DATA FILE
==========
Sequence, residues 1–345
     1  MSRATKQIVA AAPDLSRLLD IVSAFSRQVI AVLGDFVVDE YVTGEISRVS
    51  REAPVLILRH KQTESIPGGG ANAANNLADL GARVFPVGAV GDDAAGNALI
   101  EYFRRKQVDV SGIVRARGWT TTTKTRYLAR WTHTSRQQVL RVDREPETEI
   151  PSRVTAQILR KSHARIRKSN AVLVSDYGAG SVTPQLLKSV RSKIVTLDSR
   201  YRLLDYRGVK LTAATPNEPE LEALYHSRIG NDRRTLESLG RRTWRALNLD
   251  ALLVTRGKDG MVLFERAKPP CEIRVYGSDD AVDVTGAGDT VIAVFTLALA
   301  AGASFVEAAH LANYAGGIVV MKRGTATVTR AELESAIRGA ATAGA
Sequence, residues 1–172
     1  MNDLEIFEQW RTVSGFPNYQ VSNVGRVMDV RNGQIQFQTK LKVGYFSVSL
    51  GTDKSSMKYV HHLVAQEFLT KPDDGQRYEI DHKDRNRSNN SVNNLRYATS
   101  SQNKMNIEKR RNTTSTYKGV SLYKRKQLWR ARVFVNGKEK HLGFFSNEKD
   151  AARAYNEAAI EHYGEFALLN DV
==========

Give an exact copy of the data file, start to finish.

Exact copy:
Sequence, residues 1–345
     1  MSRATKQIVA AAPDLSRLLD IVSAFSRQVI AVLGDFVVDE YVTGEISRVS
    51  REAPVLILRH KQTESIPGGG ANAANNLADL GARVFPVGAV GDDAAGNALI
   101  EYFRRKQVDV SGIVRARGWT TTTKTRYLAR WTHTSRQQVL RVDREPETEI
   151  PSRVTAQILR KSHARIRKSN AVLVSDYGAG SVTPQLLKSV RSKIVTLDSR
   201  YRLLDYRGVK LTAATPNEPE LEALYHSRIG NDRRTLESLG RRTWRALNLD
   251  ALLVTRGKDG MVLFERAKPP CEIRVYGSDD AVDVTGAGDT VIAVFTLALA
   301  AGASFVEAAH LANYAGGIVV MKRGTATVTR AELESAIRGA ATAGA
Sequence, residues 1–172
     1  MNDLEIFEQW RTVSGFPNYQ VSNVGRVMDV RNGQIQFQTK LKVGYFSVSL
    51  GTDKSSMKYV HHLVAQEFLT KPDDGQRYEI DHKDRNRSNN SVNNLRYATS
   101  SQNKMNIEKR RNTTSTYKGV SLYKRKQLWR ARVFVNGKEK HLGFFSNEKD
   151  AARAYNEAAI EHYGEFALLN DV